Optical coherence tomography has been viewed as a putative marker of neuronal and axonal integrity in the afferent visual pathway. If axonal and neuronal damage contribute to neurological disability, one would infer that OCT-measured changes in peripapillary RNFL, MV, and GCL + IPL should correspond to visual deficits in patients with acute ON. In this context, OCT would be a useful ancillary test that could be used to construct a structural–functional paradigm, by which factors influencing injury and repair might be better understood in MS patients.


High-Contrast Visual Acuity: High-Contrast Visual Acuity (HCVA) refers to the spatial resolving ability of the eye and has long been the mainstay of visual standard testing. The most common HCVA charts employed in clinical research studies include the Snellen and Early Treatment Diabetic Retinopathy Study (ETDRS) charts. The Snellen chart has letters of different sizes arranged from largest at the top to smallest at the bottom, which are read, one eye at a time, at a distance of six meters (20 feet). Snellen visual acuity is usually expressed as a fraction with the numerator equal to the distance from the chart and the denominator being the size of the smallest line that can be read. Because there are numerous limitations to Snellen visual acuity charts [2, 19], the ETDRS method has become the “gold standard” HCVA test for most current clinical trials. The ETDRS charts are superior to Snellen charts because interpatient differences are more accurately measured and longitudinal follow-up measurements have had more consistent precision, regardless of whether the patients had mild or severe vision loss. [19]. In the ETDRS charts, best corrected visual acuity can be converted to logMAR HCVA, which converts the geometric sequence of a traditional chart to a linear scale [19]. In logMAR notation, lower scores correspond to better vision, and as acuity becomes worse, the value of the logMAR increases.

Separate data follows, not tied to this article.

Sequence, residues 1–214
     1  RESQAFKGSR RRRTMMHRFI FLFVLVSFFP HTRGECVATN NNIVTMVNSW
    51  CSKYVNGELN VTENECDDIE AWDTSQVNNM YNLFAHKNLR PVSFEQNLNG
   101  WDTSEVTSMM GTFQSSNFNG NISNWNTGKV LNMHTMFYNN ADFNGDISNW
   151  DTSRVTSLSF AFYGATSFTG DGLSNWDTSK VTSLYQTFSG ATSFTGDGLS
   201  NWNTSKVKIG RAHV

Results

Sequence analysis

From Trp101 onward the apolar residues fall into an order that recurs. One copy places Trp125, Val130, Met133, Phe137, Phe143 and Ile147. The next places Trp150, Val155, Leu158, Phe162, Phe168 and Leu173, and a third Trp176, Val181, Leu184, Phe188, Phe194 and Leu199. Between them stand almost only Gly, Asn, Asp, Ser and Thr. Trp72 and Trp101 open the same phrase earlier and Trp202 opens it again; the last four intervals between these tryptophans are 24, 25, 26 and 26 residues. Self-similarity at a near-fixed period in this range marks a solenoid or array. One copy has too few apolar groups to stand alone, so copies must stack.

In the setting of acute ON, HCVA impairment is generally maximal at onset, and the deficit in HCVA at one month can predict long-term recovery. Kupersmith and colleagues [20] used the ONTT database to evaluate various “cut points” for baseline and 1-month vision levels that predicted abnormal six-month vision. Based on their findings, failure to reach a one-month HCVA cut off of 20/50 correlated with having moderate-to-severe loss in this domain of function after six months [20]. On a practical level, if HCVA has not improved by one month, it should also prompt the physician to consider alternate diagnoses or ON mimics (Table 5.2).


At initial presentation, OCT-measured peripapillary RNFL values may be elevated, reflecting optic disc edema in patients with acute ON. In contrast, MV and GCL +IPL thickness maybe normal (in the case of a CIS patient), or perhaps slightly reduced (in the case of MS patients with preexisting damage to the AVP). Initially, there is generally poor concordance between OCT measures of structural integrity and functional outcomes in patients with acute ON. In the post-acute phase, however, lower RNFL, MV, and GCL + IPL values correlate with worse visual function [2, 7, 1113]. In a prior prospective OCT study, measures of RNFL thickness were compared with logMAR HCVA scores for 54 patients observed a minimum of three months after acute ON [12]. Regression analyses showed that the predictive value for RNFL thickness was significant only for patients with RNFL measures less than 70 µm; lower RNFL values correlated with worse visual acuity outcomes after ON [12]. Not surprisingly, HCVA is worse in the post-acute phase of ON for NMO patients [17]. In their study of 26 NMO patients, Ratchford and colleagues [17] reported a threshold of RNFL thickness measuring 60 µm, below which visual acuity outcomes were poor in the setting of NMO.